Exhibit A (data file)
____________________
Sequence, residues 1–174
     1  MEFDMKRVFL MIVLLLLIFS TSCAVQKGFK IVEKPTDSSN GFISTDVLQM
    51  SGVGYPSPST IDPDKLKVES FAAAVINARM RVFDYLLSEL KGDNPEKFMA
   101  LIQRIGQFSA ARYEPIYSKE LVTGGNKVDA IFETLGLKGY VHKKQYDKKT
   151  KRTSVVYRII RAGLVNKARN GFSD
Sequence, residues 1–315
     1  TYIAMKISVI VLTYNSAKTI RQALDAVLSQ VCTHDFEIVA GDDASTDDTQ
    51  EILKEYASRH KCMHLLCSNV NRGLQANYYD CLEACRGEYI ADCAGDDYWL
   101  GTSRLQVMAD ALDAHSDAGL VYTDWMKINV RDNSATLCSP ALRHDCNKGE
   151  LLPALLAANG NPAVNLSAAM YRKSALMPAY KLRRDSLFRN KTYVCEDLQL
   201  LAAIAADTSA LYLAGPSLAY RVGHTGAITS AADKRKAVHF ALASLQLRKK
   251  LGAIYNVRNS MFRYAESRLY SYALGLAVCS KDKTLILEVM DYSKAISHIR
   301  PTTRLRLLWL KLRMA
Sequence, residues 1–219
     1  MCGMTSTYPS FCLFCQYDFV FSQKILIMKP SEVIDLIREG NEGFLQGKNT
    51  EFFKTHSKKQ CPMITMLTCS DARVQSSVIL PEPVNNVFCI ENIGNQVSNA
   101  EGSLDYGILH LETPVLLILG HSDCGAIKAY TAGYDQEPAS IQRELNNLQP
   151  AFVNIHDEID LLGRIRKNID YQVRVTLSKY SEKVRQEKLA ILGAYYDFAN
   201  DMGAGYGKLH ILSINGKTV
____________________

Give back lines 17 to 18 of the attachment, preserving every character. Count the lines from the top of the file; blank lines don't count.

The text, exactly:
   101  EGSLDYGILH LETPVLLILG HSDCGAIKAY TAGYDQEPAS IQRELNNLQP
   151  AFVNIHDEID LLGRIRKNID YQVRVTLSKY SEKVRQEKLA ILGAYYDFAN